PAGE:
It means absolute satisfaction "or you don't have to keep the
Piano. j.
It means that you positively get the Piano best adapted to the
borne. » ___
It means that you can buy for cash or the most common sense
monthly payment plan ever offered.
Big Reductions
on Used Pianos
We have a large quantity of used Pianos, including Sterlings. C bickering*
Emersons and other well known makes at sweeping reductions, borne have
been used a very short time, equal to new ; others have come to us m exchange
and have been thoroughly reconstructed and reimished m our workshop »d
are instruments we can recommend. All are fully guaranteed, with pnvi'ege
of exchange at any time if unsatisfactory or if you desire something better.
NEW PIANOS for RENT
We rent onll new Pianos of the most modern case designs— the kind you will
want to keep a* long as you may require a Piaro. We take the best o. care of the
Piano while you rent, and tf you decide to buy. we will allow you a Hhesal amo
the rent to apply toward the purchase price. _
Sterling Piano c°
Manufacturers
Wholesale and Retail Wareroonw: STERLING BUILPIXG
Fulton Sh-eet, Canal of Hanover Place, Brooklyn.
Open Saturday Evenings.
W. Garfleld Swift, of Pittsbur*. A reception was to
follow the ceremony.
Last Monday evening Mrs. Joseph Hatch, of No.
220 Penn-BL. gave a reception to celebrate the
sixty-sixth wedding anniversary of her parents.
Mr. and Mrs. Joseph Da Long, of Marcy-ave.. and
her own birthday. A feature of the evening was
the fine musical programme In charge of A.
Campbell We«ton. He was assisted by Mrs. Wal
ter Leigh, L« Grange Abbott and Carl E. Rowley.
Besides Mrs. Hatch. Mr. and Mrs. De Long's chil
dren In this borough «re Dr. William A. De Long:.
Joseph De Long, John De Ix>n*, Julius De Long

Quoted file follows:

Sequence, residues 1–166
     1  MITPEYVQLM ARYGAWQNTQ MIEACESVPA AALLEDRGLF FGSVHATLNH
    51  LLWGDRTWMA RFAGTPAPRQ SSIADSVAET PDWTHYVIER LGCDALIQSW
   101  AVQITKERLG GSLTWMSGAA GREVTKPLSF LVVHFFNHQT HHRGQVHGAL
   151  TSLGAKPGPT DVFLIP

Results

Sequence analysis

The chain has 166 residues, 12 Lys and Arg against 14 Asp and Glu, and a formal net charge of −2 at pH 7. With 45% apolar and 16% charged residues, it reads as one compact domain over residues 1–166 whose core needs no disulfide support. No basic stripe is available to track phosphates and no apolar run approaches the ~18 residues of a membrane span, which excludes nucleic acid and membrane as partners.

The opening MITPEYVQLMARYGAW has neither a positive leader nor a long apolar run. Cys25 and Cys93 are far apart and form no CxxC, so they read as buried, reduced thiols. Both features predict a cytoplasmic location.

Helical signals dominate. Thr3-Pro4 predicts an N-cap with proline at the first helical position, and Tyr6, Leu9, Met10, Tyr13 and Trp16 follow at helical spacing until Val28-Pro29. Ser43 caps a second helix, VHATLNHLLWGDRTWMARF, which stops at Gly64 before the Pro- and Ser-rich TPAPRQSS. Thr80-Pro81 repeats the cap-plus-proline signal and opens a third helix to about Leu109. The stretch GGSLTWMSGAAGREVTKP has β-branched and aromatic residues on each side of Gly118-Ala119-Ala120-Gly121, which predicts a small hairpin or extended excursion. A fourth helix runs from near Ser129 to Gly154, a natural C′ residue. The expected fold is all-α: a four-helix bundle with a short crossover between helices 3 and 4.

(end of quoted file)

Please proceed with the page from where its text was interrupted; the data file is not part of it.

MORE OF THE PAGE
and Mrs. Mary PhU«en. The guests numbered
about seventy-five.
Mr. and Mrs. Geor EX. Fahys and Mr. and Mrs.
Francis S. Smlthers were th guests of honor at
a dinner given by Mr. and Mrs. Robert W. I'atter
son at Blantyre. their Lenox place. The other
iruents war* Mr. and Mrs. William A. Read and
their guests at Urookhurst, the I>uk<- of Newcastle
tind Joseph 11. Seaman. Thomas K. Siillman Is
I'avlng his annual visit to his. daughter Mrs. Wil
liam Armstrong. Mr. and Mrs. Fahys aiul Mr.
and Mrs. Smlthers were also with the Pattersons
the following day at th* horse show. Mr. Seaman
Brooklyn Advertise m*nU
Single Rose, large, velvet and silk, all colors,
69 c. »acv
Muslin Roses, two, large 49c. a 3pray
Peacock Feather Breasts, Paris fad,
75«. to $1.69 «ach
ana Mr. Read left LenDX for tha Adirondack* last
Monday.
Mr. and Mrs. Charles B. Van Nostrand •*• *•*"?
the recent arrival* at Tuxedo. Mr. and «J**
Murray Mitchell and Mr. ami Mrs. H. Price Co^
entertained house parties over the w«« ena.
The beefsteak dlnn*r given at the Nyacfc C ™J"'2
Club last Saturday evening proved to be on* «"J
joium affair, of the season. T*e dJsa *f. 30)
served at a horseshoe shaped tablo *» «■• d» _*
and the musle was .furnished by three •"■T
musician* from the ilanhasset Bay Yacht t^
There was Informal dancing until mi******- --^ .
were about seventy guests, arr.ons * m Ji«MNk'*
Mrs. C- A. Boody. Mr. and Mrs. J. P" £»«
Mr. and Mrs. KMwoaC BrooKs. Miss Jane JW» Mr<
Jane Lutklns, Mr. and Mrs. Charles Caraca^s»^
and Mrs. Edward Leask. Mr. ami Mrs. n^ a
Mr. an,'. Mrs. James Mulr. Mr and Mrs. £ .y r .
Bradley. Mr. and lira. Van Wye* jK*r£on»*
and Mrs. Krakln* Van Houten. ML-« »£?i^ n . AT*
Miss Florence Blauvtlt. Miss Sarah Echerso^,
thur Polhemus. James Malrs. lß £|V,n, ]^H
William --!••■: Walter tmryea. rauot H^atH*
anil Jack Lauterbach. Mr*. an , V^, her hoja !
entertained the luncheon and earr! c .' UD ;'". elv in* b ' -
on Thursday, tin* was assisted In r^ »*» ;j
Mrs. Ellwood Brooks and Miss tleanor l^nrs.